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“We have never seen anything like this.”

“I’m scared to even drive after dark.”

“I don’t feel safe walking around my neighborhood.”

“Everybody feels the same way. We all want to move.”

That’s just some of the feedback the Minneapolis City Council received during an Oct. 8 meeting of the Public Health and Safety Committee.

More than 60 residents signed up to speak their minds at the two-hour virtual meeting, grilling council members on their “irresponsible rhetoric” and failure to adequately staff the Minneapolis Police Department.

“We should all know as adults that words such as ‘defund,’ ‘dismantle,’ and ‘abolish’ have severe consequences. We are a city in crisis and need action now,” said one resident who lives in the Loring Park neighborhood.

“We are putting citizens and officers at risk working with a demoralized and burned out patrol staff that is down to 450 for a city of 437,000,” she added.

Another resident wondered if council members were still receiving private security while “the constituency are generally afraid.”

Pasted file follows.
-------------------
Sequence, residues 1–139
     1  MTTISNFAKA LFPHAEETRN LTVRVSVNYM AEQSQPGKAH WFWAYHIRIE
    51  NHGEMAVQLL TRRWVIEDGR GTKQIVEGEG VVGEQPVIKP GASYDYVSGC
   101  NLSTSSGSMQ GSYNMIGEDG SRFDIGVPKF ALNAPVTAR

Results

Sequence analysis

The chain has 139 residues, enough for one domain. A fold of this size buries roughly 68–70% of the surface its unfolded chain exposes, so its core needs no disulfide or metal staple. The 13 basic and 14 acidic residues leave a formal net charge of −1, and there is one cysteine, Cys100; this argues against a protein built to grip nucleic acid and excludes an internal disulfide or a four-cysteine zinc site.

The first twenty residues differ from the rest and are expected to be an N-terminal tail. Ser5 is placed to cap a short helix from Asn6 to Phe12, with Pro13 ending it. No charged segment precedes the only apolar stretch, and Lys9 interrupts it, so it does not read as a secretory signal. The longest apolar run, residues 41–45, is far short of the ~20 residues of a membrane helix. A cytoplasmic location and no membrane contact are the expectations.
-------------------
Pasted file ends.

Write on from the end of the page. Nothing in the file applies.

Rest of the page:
A doorbell camera captured five males beating and robbing a man in Minneapolis in late August.

“I will just say due to the nature of public hearings and public comment periods like this that we as a council, we’re receiving the comments so it’s not necessarily a back-and-forth but I do recommend you contact your council member to be able to engage more thoroughly in that dialogue,” replied Council Member Phillipe Cunningham, chair of the committee.

Several speakers wanted answers on whether or not the Minneapolis Police Department is currently staffed in accordance with the City Charter, which requires roughly three officers per every 5,000 residents.

A lawsuit filed in August claimed that at least 80 officers had retired or quit while another 111 were on some type of medical leave

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